Reflections on a 30 Year High School Reunion

When I told some friends that I was going to my class reunion, some people were perplexed.  “Why would you want to relive that period of your life?” they mused.  I understand that for many (myself included) the insecurities and emotional roller coaster of adolescence is not a ride that a sane person would want to stand in line for again. 

There is also an unfair stereotype that those who enjoy class reunions are people who, for unfortunate reasons, hold being 15-18 years old as the high point of their lives.  For the record, I highly doubt that any of my classmates fall into this category.  Perhaps my class was exceptional (and we like to think we are) but after having a blast at my class reunion, here are some reason I think that when you get the invitation to your class reunion you should consider going:

  1. People actually grow up – In my mind, the most annoying people in my class were stuck in my memory at 18 years old.  But, as it turns out, most people mature, have difficult life experiences, become quite a bit more humble, and develop into decent human beings.  Yes, there are exceptions, but overall it is nice to see people grow into the kind of people that are enjoyable to be around. 
  2. Tapping into One’s Inner Existentialist – High School does not determine who you will be for the rest of your life.  However, it is ONE aspect of a person’s life that is influential in the kind of persons that we become.  Victor Frankel says that it is not events that shape our lives but how we INTERPRET those events; i.e. - how we give meaning to those events.  This is true whether or not you are a Holocaust survivor (like Frankel) or just a High School survivor.  It is not good or bad things that enable us to grow, but the interpretation of those events. 

One’s experience, even painful ones, can be understood as a way to move to a better way of living.  Some things that I “tried on” in high school really didn’t “fit”.  But trial and error is the usual path in discovering the way in which we were created. 

My reunion was a great way to recognize much of what I thought was important in adolescence was utterly ridiculous.  In another 30 years (if I’m still around), I wonder what issues that I am losing sleep over now I will find silly?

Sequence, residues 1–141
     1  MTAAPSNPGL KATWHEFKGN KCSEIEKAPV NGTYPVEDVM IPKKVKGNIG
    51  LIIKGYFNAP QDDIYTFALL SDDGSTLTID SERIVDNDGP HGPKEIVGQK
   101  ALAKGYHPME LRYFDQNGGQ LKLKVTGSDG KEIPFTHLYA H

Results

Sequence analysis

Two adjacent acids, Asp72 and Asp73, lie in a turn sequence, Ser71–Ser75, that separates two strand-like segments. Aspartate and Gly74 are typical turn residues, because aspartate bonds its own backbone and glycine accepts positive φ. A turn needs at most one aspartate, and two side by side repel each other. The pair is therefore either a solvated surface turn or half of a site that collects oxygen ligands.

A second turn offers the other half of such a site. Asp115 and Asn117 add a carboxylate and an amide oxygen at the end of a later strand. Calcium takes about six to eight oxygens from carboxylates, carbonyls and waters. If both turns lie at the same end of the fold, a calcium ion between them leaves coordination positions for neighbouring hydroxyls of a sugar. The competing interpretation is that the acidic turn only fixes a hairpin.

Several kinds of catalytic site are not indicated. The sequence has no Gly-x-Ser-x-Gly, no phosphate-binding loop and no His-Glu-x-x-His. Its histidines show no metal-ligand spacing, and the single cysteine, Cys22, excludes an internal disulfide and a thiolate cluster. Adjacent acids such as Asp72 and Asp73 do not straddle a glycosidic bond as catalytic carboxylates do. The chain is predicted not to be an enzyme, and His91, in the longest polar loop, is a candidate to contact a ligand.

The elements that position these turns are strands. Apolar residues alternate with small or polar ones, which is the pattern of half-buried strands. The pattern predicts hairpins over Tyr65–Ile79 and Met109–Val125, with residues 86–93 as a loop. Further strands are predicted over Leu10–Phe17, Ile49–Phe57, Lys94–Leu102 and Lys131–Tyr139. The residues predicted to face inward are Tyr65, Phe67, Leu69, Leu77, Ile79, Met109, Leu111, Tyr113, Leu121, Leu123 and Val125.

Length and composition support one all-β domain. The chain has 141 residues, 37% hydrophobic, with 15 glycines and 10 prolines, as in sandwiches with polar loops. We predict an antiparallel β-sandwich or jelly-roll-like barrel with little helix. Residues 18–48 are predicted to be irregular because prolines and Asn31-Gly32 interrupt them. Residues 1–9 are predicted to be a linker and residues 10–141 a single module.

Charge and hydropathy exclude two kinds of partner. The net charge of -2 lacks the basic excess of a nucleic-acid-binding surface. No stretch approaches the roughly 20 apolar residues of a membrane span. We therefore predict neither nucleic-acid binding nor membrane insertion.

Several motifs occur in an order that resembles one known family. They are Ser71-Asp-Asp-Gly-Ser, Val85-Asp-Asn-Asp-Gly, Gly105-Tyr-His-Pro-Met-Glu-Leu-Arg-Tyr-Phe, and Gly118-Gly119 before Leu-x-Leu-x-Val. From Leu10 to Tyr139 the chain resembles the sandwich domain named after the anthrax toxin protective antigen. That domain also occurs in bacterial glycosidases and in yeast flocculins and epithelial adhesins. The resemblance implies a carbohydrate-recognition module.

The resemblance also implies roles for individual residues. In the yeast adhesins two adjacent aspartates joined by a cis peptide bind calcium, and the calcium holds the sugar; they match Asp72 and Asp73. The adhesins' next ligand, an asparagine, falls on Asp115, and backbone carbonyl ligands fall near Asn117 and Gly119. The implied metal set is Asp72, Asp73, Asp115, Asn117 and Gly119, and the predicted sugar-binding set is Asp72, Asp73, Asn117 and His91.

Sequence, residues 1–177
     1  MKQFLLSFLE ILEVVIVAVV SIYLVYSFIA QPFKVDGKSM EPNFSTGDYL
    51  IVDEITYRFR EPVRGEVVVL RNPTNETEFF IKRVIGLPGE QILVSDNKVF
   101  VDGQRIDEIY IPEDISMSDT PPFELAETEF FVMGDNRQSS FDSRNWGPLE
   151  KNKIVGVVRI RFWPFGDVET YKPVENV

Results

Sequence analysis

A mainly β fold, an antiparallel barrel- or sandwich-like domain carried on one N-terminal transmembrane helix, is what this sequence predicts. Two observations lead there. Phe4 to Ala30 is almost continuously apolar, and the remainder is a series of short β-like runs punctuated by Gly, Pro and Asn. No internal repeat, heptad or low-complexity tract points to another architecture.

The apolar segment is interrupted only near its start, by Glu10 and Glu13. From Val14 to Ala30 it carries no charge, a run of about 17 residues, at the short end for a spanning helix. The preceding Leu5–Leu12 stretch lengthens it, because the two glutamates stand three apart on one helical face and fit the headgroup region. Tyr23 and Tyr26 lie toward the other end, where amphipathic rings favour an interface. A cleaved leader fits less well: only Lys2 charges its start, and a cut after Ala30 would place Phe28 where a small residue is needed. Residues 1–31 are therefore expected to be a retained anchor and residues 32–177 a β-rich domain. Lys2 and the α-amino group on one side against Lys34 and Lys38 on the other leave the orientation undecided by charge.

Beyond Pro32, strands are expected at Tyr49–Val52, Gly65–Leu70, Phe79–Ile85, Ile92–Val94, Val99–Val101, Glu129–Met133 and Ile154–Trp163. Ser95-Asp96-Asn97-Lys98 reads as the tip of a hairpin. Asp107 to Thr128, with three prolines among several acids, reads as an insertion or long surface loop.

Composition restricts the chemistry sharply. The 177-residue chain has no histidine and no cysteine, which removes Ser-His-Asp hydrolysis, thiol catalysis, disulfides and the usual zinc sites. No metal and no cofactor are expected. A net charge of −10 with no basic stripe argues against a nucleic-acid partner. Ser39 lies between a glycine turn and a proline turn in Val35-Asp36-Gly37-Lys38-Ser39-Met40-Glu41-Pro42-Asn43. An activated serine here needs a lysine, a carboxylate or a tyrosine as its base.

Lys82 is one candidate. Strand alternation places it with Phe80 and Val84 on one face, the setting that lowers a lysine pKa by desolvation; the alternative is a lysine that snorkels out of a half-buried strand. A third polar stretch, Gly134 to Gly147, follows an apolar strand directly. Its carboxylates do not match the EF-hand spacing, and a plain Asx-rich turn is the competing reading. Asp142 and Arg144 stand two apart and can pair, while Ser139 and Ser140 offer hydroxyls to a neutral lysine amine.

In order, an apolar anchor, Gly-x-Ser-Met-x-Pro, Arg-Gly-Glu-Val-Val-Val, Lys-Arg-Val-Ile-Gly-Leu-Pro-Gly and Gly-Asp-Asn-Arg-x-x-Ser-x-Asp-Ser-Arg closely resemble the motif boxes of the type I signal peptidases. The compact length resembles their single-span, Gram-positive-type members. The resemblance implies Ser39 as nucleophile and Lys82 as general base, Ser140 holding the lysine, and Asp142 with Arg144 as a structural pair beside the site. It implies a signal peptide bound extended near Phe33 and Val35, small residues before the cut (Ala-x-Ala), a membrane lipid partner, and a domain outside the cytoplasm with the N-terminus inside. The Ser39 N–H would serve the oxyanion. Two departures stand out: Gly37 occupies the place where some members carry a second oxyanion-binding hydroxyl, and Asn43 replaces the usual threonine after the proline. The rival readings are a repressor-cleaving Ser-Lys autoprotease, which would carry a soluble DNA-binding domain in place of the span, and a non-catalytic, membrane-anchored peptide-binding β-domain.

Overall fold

3. Friendships – I am sure that there is some kind of brain research somewhere that demonstrates that when you are an adolescent, you are more open to other people.  Some of the quickest and deepest friendships I have made are from my adolescence.  A tragic aspect to our culture is that adult men are not very good at making or having friends. At my reunion, I had some remarkably deep and personal conversations with some men.  The impression I got was that they have very few people that they get below the surface with.  Our high school years are that rare window of time in which we open our hearts and souls to others quickly and effortlessly.  It can be life-giving to experience it again, even if for just a weekend. 

4. Cautionary Tales and Remarkable People – After 30 years, the long term results of good and bad decisions become very evident in people’s lives.  People in our class died because of chemical dependency; others lived on but left in their wake a path of destruction.

On the other side of the fence, there were people who were not brilliant or uber-talented but they learned to steadily plod on and do the right thing.  Over time, their steady plodding has resulted in some very good outcomes for their lives.  They are centered, happy, and have deep and rewarding interpersonal relationships. 

In many ways, people don’t change.  The same core personality that we are at 18 is still there at 48 (and it is funny to observe it at a reunion!).  But in some ways people DO change – we head down a path of what seems like a series of very inconsequential decisions that shapes us into who we will become.  I doubt any of us had any idea of the weight of our decisions at 18 years old.  I hope I can help my young adult children to appreciate this. 

Dana Hicks